NPR’s Ari Shapiro will be a full-fledged foreign correspondent come January 2, when he moves to London after almost four years in Washington on the White House beat. He’s hoping the new assignment will bring to his life fewer reasons to wear a suit, less knowledge of British Prime Minister David Cameron than he has of President Barack Obama, and the chance to meet some idols he can address as “Dame” and “Sir.” Shapiro, who is 35, says he expects to miss Washington but plans to return often to see his husband, Michael Gottlieb, and friends. What he’ll become, he says, is a “transatlantic commuter.”
Though he’s never been based in London for work before, he lived there for a few months in 2000 while Gottlieb was fulfilling a Fulbright fellowship. They lived in a “damp, moldy flat” far from the center of town, and those three months “were the rainiest winter on record,” he says. With the new gig, he’s found an apartment in Spitalfields, which he describes as adjacent to the East End, which is “the 14th Street of London—fun and creative.”
On Tuesday, we talked with Shapiro about the old assignment, the new assignment, and what he’ll miss about Washington.
How are you spending Thanksgiving, that most American of annual holidays, before making the big move?
We have 15 people coming to our house for dinner, and after we invited all these people I was asked to fill in as host of All Things Considered. I’ve never hosted it before. I enthusiastically said yes and then started scratching my head and asked, “How will I get dinner for 15 people on the table, given that I will be on the air?”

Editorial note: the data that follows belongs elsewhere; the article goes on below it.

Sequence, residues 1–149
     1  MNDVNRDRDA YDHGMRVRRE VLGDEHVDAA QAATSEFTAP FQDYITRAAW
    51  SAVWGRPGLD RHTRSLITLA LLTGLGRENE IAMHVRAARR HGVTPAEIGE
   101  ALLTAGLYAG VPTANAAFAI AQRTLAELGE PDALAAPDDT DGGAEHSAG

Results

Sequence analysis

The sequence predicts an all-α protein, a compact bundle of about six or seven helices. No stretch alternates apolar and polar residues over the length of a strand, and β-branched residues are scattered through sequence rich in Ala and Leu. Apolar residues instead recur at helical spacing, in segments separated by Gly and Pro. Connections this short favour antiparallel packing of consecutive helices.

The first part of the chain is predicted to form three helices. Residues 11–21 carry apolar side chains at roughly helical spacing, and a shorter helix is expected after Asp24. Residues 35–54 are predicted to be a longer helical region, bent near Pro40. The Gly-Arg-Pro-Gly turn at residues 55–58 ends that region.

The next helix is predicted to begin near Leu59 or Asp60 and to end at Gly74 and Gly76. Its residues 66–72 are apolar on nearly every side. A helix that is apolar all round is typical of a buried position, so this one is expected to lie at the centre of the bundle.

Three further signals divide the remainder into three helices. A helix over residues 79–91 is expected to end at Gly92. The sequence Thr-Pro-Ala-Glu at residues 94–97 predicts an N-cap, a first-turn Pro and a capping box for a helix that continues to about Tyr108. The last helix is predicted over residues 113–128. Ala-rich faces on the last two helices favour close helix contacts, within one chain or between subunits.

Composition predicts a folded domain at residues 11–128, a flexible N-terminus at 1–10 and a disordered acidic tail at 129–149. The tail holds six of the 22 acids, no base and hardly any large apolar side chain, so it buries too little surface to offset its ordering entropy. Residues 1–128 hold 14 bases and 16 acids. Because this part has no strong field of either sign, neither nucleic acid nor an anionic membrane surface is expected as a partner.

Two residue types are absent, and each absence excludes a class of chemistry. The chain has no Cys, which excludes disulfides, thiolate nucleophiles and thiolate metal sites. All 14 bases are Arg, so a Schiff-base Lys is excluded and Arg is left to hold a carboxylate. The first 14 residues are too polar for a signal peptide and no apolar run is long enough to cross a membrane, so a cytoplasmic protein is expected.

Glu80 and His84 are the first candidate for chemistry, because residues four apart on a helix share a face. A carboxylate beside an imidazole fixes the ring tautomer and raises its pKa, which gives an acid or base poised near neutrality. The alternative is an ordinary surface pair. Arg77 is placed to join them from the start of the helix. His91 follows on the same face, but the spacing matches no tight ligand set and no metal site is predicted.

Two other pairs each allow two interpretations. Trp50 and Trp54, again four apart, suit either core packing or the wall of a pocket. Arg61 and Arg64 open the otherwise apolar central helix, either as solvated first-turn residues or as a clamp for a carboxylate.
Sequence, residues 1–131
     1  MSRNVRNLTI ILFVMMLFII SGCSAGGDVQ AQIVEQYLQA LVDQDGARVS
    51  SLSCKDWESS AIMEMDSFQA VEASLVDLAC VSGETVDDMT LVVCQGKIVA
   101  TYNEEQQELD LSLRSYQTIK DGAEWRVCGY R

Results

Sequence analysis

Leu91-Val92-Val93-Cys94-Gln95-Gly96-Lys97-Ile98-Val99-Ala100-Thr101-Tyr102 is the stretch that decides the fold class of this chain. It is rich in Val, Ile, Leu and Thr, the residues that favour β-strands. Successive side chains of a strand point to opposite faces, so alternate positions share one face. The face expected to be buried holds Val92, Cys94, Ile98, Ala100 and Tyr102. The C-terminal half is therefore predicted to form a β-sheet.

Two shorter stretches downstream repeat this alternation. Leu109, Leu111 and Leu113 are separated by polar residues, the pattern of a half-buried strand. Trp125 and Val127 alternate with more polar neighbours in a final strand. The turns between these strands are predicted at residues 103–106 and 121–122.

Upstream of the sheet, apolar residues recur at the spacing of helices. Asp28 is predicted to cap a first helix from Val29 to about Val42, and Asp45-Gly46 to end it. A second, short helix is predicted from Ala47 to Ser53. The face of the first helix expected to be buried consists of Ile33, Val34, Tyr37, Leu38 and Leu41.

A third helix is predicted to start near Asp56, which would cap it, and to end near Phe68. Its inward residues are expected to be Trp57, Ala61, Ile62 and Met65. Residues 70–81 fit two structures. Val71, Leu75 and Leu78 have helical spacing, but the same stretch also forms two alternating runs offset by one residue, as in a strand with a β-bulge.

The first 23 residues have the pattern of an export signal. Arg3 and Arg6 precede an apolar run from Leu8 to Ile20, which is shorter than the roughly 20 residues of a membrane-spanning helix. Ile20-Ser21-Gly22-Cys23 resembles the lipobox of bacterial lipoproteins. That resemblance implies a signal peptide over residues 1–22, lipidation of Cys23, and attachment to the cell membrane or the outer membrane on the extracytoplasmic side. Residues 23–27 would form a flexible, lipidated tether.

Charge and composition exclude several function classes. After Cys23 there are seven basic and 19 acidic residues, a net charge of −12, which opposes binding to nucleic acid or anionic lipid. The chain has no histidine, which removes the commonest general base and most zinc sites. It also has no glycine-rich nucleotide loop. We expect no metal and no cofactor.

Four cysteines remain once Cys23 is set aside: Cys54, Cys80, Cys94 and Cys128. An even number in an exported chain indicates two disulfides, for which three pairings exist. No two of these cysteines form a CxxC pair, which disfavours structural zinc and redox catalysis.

Isn’t that why we have husbands?
Yes, and parents and in-laws. A bunch of people will be cooking at my house in my absence.
What will you miss about Washington?
Besides my husband, who may follow in time but is not initially going with me? I love that I have what feels like an urban village. Most of my friends live within walking or biking distance. I have neighborhood bars and restaurants where I know the people who work there. I have an urban life that feels like a very old-fashioned, small-town community.
What won’t you miss about Washington?
“Where do you work?”
What is the most important lesson you learned on the White House beat?
It’s only radio. [At the White House] we cover so many real crises of international importance, profound tragedies, issues of war and peace. It puts in perspective a crisis in my job or my life.
What are you passing on, in experiences and legacy, for your NPR replacement at the White House?
My replacement is Tamara Keith, who has been our Congressional correspondent. She shadowed me for a week at the White House, and I introduced her to everyone I can think of. In our dimly lit booth, when I first arrived, I brought some lamps. I plan to leave them there. I also purchased from the MOMA [Museum of Modern Art] store a print by Louise Bourgeois that says “Be calm.” I’m leaving that on the wall of our booth.
What is your advice to White House correspondents, present and future?
Find ways to get off the treadmill from time to time. It is so easy to be consumed by the daily churn of news. You need to find ways to explore the stories that are not on the front page every day.
Do you see yourself having a lifelong career in radio and news, and, if not, where do you think you are headed?